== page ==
Actor Rana Daggubati said on Saturday that Indian projects can be global if the creators focus on local stories that are unique to the country. Daggubati, the star of similar blockbusters Baahubali franchise and political thriller Nene Raju Nene Mantrihe said that even if the country were to have a worldwide hit show such as Netflix’s “Money Heist”, it could work if local elements were woven into it. Virata Parvam: Rana Daggubati shares the first four minutes of a glimpse of ‘Vennely’s Birth’ before the film’s release (play video).
“India is a land of stories with the greatest mythologies ever written. And they were written on a scale, Game of Thrones in this sense, be ashamed. There will be two or three directions that will guide us automatically (globally). “Because it’s our culture that we represent. So if it’s ‘Money Heist’, let’s rob things the way Indians would … It’s still going to be our culture and our ethics that get the story into places “he said. Director Virata Parvam Venu Udugula welcomes Rana Daggubati for promoting the film focused on the heroine.
Daggubati was part of a panel discussion to celebrate two years since the relaunch of the SonyLIV streaming platform. He was joined by filmmakers Hansal Mehta, Ashwiny Iyer Tiwari, Nikkhil Advani, Applause Entertainment CEO Sameer Nair and Danish Khan, Sony LIV Commercial Director, Sony Entertainment Television & StudioNext. “What brings us to the global audience? Stories that are extremely local, things that happen in different parts of the country that are new to the world and unique to us,” he added.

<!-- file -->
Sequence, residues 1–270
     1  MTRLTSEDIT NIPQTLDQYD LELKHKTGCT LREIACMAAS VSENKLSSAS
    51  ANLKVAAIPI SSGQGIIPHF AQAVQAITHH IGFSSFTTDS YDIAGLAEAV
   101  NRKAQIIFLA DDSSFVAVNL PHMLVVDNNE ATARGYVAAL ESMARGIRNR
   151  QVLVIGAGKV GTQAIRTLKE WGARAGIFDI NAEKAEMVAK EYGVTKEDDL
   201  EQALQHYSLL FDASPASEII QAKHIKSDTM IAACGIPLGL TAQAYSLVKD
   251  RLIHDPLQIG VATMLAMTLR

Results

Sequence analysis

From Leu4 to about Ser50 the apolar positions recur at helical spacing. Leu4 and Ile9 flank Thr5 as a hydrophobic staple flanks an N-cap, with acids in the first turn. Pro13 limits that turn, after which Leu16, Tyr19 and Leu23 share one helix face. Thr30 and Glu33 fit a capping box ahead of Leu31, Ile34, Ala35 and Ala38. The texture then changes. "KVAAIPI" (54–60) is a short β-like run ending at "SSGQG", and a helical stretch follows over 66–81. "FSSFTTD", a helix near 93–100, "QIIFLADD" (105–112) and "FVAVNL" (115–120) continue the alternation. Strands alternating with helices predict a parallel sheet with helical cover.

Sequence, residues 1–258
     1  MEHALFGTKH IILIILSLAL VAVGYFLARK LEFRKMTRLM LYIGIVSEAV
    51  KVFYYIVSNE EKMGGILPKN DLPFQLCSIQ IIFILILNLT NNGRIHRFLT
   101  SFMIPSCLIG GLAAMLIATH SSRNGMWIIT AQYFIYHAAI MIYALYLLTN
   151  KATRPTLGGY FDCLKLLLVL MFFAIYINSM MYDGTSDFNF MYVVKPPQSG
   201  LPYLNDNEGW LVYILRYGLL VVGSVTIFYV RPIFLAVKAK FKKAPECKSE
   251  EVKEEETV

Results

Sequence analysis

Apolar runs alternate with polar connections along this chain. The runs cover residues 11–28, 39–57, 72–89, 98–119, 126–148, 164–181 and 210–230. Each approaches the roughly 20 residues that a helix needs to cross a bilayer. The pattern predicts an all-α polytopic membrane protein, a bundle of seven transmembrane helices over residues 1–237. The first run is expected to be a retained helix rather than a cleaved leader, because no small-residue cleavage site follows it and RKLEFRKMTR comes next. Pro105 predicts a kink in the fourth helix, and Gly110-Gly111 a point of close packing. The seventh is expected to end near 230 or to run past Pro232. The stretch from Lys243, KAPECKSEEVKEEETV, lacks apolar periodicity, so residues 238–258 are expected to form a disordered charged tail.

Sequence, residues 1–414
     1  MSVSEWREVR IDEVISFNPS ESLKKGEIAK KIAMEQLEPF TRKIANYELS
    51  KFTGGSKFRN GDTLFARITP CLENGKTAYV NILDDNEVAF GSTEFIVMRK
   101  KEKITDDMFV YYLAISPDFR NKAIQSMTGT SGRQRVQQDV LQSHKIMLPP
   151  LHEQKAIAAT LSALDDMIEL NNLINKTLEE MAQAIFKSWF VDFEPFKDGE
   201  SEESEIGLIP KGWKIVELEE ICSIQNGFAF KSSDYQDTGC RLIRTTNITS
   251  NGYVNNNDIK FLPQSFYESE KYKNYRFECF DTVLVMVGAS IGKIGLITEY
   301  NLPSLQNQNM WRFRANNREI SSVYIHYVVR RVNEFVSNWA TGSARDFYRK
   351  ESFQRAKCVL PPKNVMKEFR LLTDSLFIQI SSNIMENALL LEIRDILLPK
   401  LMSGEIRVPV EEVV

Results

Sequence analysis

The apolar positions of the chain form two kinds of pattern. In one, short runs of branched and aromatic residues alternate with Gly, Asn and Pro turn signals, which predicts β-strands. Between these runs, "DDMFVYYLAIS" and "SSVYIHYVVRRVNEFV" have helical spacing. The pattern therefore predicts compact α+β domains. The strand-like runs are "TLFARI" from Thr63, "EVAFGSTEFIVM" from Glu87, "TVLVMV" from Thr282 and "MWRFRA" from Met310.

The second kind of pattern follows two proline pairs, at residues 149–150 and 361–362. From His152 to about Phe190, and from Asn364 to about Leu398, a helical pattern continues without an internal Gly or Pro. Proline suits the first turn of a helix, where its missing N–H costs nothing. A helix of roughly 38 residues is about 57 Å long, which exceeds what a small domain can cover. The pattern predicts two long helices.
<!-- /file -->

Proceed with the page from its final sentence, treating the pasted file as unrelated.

The 37-year-old actor is producing several performances for SonyLIV, including “Case Files of Hemanth Rao”, which is in pre-production. Daggubati, who recently completed the filming of his crime series “Rana Naidu” for Netflix, said he was now trying to understand the process of long storytelling. “We’ve been a film company for about 50 years. We still have three hours of storytelling in our heads. I just finished finishing another show for another network. We still understand what long writing means because we haven’t experienced a premium moment on television,” he added.
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